But as everything good and true, everything innocent, holy and happy must be born in us, if we are to become the subjects of regeneration, and thus prepared to enter into heaven ; therefore the Lord s nativity, or his being born into the world, represents the birth of everything spiritual and heavenly from Him into our individual world, that is, into our natural man. ” Christ in us,” says the apostle, “is the hope of glory;” therefore the Lord, as to his divine love and wisdom, must be born in us, as the only hope of attaining to our glorious destiny in heaven. When, therefore, we commemorate the Lord s Nativity, we should remember that the most profitable way of contemplating this subject is, that the Lord as to all the principles of his kingdom (see Luke xvii. 21), must be born within us and that this birth is effected by the acknowledgment of Him in his Divine Humanity.

The Lord was thus born into the world to become our Redeemer and Saviour, in order that his redeeming and saving love and truth might be born in us individually. This blessed spiritual nativity, or this re-birth of man, is accomplished by virtue of the genuine principles of a living, holy worship. This worship is denoted by the offerings of the wise men ; and we become truly wise in proportion as we offer up this holy worship to the Lord.

Gold, as the emblem of the first principles of a living worship, signifies the worship of the Lord from pure love or goodness. This is the first essential of all worship and of all genuine religion ; and gold so frequently mentioned in Scripture, is the proper correspondent emblem of this love or goodness. Hence it was that this precious metal was so universally employed in the structure of the tabernacle and the sanctuary. The ark was overlaid with gold, the altar of incense in like manner, and nearly all the utensils of the sanctuary were either made of gold, or overlaid with it, in order to teach us, by the most striking symbols, that all worship should be performed from the principle of pure love. Hence it is that the Lord says to us, ” I counsel thee to buy of me gold tried in the fire, that thou mayst be rich ” (Rev. iii. 18), in order to teach us that He in his Divine Humanity, is the only Source whence all genuine love or pure good ness can be received.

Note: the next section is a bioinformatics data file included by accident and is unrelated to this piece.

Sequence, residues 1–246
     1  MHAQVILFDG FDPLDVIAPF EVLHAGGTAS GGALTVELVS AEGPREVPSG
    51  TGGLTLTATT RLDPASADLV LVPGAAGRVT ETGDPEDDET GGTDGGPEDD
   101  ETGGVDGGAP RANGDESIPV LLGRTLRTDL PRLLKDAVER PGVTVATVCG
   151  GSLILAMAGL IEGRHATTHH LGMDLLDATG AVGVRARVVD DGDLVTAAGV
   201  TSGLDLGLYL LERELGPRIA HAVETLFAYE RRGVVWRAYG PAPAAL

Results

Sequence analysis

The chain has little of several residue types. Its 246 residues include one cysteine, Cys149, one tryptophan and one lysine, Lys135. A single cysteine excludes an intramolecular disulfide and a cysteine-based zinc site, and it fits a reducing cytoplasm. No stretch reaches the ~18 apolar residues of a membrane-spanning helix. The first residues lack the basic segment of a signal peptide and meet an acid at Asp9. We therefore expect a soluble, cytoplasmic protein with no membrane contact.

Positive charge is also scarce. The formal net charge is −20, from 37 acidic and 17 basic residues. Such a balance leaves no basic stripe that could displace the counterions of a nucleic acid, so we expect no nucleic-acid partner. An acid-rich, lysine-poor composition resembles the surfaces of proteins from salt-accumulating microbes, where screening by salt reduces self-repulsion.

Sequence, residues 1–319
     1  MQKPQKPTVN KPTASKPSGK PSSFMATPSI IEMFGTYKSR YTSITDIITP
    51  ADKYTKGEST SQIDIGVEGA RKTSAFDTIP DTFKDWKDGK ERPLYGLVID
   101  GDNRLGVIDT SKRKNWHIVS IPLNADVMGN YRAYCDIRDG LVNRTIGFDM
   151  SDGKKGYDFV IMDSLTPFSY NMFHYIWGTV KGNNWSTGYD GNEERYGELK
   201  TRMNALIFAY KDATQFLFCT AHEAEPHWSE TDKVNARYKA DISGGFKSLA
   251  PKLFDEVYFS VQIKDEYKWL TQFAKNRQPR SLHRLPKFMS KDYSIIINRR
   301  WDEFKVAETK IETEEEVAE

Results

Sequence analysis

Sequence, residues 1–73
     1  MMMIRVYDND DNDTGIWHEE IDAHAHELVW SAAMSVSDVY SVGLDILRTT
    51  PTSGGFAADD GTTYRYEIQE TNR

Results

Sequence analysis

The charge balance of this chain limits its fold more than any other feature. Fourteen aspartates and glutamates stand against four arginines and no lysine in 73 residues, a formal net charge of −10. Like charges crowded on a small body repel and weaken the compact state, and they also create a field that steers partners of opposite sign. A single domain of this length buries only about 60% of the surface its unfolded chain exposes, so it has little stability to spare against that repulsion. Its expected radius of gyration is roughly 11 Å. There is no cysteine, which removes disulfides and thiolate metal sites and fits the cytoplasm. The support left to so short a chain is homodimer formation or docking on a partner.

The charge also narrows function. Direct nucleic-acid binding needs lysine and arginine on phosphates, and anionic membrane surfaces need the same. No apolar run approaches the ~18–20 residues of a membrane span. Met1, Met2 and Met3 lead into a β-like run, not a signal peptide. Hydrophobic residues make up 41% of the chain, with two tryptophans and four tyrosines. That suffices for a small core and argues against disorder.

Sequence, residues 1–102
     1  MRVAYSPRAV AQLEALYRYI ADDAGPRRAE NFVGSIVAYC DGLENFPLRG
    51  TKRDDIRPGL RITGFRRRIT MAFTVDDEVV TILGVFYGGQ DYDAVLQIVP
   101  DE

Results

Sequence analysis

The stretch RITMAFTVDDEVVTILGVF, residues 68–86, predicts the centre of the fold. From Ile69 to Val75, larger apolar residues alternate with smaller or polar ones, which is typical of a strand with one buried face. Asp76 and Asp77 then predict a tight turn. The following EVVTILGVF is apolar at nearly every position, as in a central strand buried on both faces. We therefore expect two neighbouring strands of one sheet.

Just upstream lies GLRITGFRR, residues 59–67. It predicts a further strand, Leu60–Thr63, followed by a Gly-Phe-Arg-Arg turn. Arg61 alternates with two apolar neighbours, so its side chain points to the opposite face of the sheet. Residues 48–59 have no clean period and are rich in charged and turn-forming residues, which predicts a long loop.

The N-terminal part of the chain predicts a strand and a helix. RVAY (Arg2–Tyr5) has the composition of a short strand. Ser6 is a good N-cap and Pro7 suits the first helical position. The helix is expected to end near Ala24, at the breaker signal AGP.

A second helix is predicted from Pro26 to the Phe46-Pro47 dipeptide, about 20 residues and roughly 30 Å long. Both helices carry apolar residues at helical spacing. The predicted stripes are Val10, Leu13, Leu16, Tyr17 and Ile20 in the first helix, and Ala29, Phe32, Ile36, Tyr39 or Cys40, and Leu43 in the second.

But what is genuine love, and what is the relation of pure goodness to genuine love ? There are various kinds of love and goodness, and it is of infinite moment to know what is genuine and what is spurious. As it is of importance to know whether gold is genuine, alloyed or spurious, possessing nothing but the color, or the external appearance ; so it is of infinitely greater importance to know whether the love and goodness which actuate our life are of a genuine, or of a spurious character, since our happiness or misery in eternity will depend upon our life s love, or on our governing affection. There is natural good, moral good, and spiritual good. Natural good has relation solely to our natural life, its wants and supplies ; and its source is the love of self and of the world. This is necessary for our natural state and our self-preservation, but it is not signified by the gold mentioned in the Word. No genuine worship springs from this love, and from the consequent goodness predicated of it ; for all goodness is predicated of what a man loves, and consequently so long as a man is actuated by principles originating solely in what is selfish and worldly, he can offer to the Lord no gold of genuine love and goodness.

Moral good is of a higher order than merely natural and sensual good ; because it springs from principles founded in man’s rational nature and in his relations to society, and especially to the community in which he lives. These principles relate to what is equitable, just, honorable and becoming in decorum and manners. By this good a man rises above the animal, and above the selfishness of his own nature, and approaches nearer to the dignity of a real and true man. But from this moral good, so far as it originates in selfish and worldly considerations, which have relation to our merely natural life, no spiritual and genuine worship can be offered to the Lord. It is not the pure gold that He can accept ; it may appear on its surface like gold, out the substance within is spurious and base, because, being derived from motives originating in the external man only, its quality is merely selfish and worldly. This good may make a man a good citizen of the world, and an orderly and even a virtuous member of society ; but it cannot make him a citizen of heaven, nor prepare him to dwell with angels. An atheist may from these principles be an irreproachably moral man ; but as his morality can only originate in what is merely natural, it is evident that he cannot thereby rise into a spiritual and heavenly state. Thus no pure gold of genuine worship can be offered to the Lord from this source only.